Visitors at the San Diego Art Institute's Monster Drawing Rally in April (photo courtesy the San Diego Art Institute)

Visitors at the San Diego Art Institute’s Monster Drawing Rally in April (photo by Emily Corkery, courtesy the San Diego Art Institute)

Since taking the reins at the San Diego Art Institute (SDAI) in March 2014, Ginger Shulick Porcella has thoroughly revamped the nonprofit art space, increasing its visibility, diversifying its programming, and drawing praise from everyone with a stake in the local art scene — well, almost everyone. Nine longtime SDAI members are accusing the new executive director and her board of acting unilaterally, without consulting the institute’s 238 members, as well as making programming decisions that violate the gallery’s mission and put its lease — on about 10,000 square feet in the House of Charm in San Diego’s popular Balboa Park — in jeopardy. These accusations, irrespective of their validity (or lack thereof), speak volumes about an institution that was long run like a members-only club in a city badly in need of a more inclusive and forward-thinking municipal art gallery.

“I’ve been in town for over 30 years, and during that period the Art Institute was a space with a terrific location in the heart of Balboa Park and a nice facility in terms of the height of the ceilings and quality of light and that sort of thing,” Hugh Davies, the director of the Museum of Contemporary Art San Diego (MCASD) told Hyperallergic over the phone. “But it was always depressingly dowdy and badly installed and, most of all, the quality of the art they showed was less than mediocre. In all the years I’ve gone there — and I used to go at least once if not twice a year — I never discovered anybody or anything of consequence.”

Indeed, up until last year — and especially before 2008, when a change in SDAI’s bylaws shifted decision-making power from the members to the board of directors — the institute’s exhibition program consisted primarily of juried group shows filled mostly with art by members. The organization of solo exhibitions was not up to a curator, but rather determined by a point system: members who received enough prizes in the juried shows were eventually rewarded with solo shows. “It’s almost like you get miles for flying on American and then you get a first-class seat,” said Davies. “It’s the most bizarre and primitive way to run an arts organization.” The point system, like much of the SDAI operations pre-2008, seems to have been a vestige of the institute’s early years — it was founded in 1941 as the San Diego Business Men’s Art Club to showcase members’ landscape paintings.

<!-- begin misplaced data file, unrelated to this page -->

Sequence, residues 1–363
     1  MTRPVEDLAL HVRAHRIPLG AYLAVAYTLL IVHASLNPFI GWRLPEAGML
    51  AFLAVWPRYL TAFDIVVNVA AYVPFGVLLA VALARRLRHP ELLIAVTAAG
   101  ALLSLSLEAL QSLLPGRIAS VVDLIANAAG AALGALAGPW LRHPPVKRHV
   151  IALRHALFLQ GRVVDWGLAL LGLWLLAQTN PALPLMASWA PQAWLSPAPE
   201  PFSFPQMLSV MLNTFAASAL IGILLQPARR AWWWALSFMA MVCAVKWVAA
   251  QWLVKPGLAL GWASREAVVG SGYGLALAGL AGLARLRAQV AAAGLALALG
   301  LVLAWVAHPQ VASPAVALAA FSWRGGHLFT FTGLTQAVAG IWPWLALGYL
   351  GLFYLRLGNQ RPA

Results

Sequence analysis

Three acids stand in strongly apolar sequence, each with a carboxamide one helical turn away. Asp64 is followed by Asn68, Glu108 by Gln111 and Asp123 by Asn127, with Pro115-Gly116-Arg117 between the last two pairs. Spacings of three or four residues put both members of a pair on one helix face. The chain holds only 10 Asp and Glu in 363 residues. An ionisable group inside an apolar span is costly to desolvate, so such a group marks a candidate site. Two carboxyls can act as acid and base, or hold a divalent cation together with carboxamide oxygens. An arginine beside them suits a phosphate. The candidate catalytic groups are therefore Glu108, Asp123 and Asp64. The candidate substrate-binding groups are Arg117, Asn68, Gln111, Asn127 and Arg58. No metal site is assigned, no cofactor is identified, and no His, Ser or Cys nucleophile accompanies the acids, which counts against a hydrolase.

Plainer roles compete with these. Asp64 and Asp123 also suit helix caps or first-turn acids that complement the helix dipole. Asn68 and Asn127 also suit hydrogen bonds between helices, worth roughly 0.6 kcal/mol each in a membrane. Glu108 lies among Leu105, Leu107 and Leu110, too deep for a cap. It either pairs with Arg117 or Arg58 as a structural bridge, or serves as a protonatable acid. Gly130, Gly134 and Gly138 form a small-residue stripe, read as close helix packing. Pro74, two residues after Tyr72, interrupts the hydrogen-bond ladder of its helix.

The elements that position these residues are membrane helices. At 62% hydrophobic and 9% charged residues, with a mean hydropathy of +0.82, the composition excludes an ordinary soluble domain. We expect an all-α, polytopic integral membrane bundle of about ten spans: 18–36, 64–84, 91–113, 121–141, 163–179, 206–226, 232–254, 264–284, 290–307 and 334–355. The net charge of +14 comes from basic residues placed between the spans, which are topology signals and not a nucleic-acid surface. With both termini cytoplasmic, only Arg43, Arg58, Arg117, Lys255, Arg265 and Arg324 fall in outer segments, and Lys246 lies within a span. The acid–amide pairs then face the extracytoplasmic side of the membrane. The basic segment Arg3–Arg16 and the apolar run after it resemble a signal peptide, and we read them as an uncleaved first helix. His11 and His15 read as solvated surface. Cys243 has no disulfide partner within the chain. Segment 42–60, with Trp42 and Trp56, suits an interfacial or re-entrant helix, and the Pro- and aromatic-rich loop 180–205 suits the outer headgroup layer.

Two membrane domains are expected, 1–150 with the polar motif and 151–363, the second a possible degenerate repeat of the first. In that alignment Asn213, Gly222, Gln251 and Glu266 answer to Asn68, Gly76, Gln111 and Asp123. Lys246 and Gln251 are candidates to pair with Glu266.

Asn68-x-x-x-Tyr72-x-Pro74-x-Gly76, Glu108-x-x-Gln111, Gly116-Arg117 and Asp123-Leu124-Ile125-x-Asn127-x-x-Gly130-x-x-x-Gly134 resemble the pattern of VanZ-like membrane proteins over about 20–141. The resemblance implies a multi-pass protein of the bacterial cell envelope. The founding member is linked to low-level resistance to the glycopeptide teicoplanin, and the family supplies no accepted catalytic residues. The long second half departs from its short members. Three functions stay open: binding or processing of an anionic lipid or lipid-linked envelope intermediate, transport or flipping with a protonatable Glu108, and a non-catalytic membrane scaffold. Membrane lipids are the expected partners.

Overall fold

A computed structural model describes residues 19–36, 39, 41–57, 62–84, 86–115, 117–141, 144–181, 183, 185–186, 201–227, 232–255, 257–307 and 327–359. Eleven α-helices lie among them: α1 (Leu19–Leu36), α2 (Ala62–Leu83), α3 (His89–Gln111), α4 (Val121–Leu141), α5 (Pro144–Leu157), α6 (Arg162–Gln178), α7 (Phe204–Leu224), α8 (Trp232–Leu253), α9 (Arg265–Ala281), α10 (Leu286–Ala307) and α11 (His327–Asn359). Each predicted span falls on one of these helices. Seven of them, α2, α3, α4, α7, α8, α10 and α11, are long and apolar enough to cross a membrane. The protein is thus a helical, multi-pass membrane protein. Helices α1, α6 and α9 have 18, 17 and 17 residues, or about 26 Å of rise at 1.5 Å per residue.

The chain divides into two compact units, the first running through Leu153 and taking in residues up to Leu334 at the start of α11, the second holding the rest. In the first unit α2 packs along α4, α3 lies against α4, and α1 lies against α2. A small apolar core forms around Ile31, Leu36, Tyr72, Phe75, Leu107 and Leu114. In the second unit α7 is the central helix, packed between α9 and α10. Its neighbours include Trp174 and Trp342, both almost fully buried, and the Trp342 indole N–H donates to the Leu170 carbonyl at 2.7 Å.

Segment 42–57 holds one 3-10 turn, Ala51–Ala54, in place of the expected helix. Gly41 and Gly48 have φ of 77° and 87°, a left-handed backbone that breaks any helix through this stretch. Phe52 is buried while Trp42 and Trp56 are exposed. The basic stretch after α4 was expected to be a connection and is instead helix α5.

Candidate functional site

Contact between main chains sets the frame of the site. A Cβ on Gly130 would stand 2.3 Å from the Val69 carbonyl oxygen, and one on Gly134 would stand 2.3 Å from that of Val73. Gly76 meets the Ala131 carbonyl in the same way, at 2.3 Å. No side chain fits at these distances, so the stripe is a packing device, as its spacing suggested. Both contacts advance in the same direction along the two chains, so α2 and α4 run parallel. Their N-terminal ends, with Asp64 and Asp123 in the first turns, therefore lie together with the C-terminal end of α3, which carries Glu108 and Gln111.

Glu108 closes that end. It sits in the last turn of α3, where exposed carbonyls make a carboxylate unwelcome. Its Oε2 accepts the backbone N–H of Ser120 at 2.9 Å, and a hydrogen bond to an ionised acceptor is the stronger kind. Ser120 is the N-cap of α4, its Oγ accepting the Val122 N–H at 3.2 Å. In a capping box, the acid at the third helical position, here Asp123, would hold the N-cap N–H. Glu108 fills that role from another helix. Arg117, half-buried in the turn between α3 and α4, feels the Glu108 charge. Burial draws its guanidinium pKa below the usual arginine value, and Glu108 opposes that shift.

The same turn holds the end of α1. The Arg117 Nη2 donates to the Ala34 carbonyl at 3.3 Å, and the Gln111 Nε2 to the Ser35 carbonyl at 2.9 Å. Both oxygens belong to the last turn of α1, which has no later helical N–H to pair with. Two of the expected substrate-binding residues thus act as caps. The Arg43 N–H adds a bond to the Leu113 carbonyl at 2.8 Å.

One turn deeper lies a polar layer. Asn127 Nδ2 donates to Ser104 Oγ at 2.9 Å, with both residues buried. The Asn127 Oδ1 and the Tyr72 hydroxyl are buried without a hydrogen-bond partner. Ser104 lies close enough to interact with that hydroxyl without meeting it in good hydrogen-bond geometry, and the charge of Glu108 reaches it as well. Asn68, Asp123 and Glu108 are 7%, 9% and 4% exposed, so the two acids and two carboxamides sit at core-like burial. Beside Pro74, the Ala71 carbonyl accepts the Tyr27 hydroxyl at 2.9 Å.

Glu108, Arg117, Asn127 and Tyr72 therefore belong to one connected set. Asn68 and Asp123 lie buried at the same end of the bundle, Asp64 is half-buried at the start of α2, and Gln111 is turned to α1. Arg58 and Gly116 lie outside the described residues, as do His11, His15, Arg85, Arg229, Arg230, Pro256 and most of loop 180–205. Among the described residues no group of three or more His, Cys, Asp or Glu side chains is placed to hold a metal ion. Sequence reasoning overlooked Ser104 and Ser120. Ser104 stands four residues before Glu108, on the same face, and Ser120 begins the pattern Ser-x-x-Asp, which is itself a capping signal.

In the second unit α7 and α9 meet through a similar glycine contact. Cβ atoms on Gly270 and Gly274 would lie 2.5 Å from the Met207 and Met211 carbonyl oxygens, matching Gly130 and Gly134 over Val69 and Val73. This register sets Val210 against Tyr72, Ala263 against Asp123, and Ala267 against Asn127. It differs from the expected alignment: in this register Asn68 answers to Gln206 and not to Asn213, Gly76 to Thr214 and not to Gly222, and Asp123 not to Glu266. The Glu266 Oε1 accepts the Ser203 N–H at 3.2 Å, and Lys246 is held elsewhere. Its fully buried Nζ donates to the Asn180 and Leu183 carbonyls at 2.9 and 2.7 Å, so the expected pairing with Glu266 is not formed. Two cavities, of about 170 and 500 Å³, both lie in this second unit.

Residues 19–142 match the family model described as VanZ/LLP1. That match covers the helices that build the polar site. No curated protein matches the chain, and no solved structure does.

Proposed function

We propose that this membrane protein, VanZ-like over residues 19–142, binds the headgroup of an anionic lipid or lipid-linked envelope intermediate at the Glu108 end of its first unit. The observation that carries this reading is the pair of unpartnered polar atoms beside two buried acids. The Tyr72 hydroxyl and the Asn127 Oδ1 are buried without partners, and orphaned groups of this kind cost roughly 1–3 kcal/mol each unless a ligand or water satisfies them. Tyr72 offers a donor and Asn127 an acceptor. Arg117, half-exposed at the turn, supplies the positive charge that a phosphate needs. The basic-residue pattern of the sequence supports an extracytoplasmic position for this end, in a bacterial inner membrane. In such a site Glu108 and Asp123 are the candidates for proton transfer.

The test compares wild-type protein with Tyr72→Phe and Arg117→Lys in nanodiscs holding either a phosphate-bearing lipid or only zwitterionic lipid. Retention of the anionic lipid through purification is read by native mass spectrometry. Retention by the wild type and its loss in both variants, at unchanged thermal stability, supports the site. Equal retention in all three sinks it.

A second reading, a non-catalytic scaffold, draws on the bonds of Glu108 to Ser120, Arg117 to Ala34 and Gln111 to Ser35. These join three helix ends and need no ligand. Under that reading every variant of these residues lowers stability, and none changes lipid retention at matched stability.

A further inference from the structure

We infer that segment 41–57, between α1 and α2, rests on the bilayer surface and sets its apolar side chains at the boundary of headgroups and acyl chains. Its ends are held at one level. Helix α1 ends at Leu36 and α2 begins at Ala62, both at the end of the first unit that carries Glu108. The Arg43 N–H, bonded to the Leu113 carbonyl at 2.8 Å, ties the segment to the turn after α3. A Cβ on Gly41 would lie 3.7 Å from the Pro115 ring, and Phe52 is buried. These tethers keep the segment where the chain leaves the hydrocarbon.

Members of the San Diego Business Men’s Art Club, circa 1947 (photo via Wikimedia Commons)

Members of the San Diego Business Men’s Art Club, circa 1947 (photo via Wikimedia Commons)

“It was a member organization before, and members who essentially paid to show their work here are upset that they can’t pay to show their work here anymore,” Porcella told Hyperallergic. “However, there’s some really great art in San Diego, and the artists who didn’t have a venue to show their work before are thrilled.”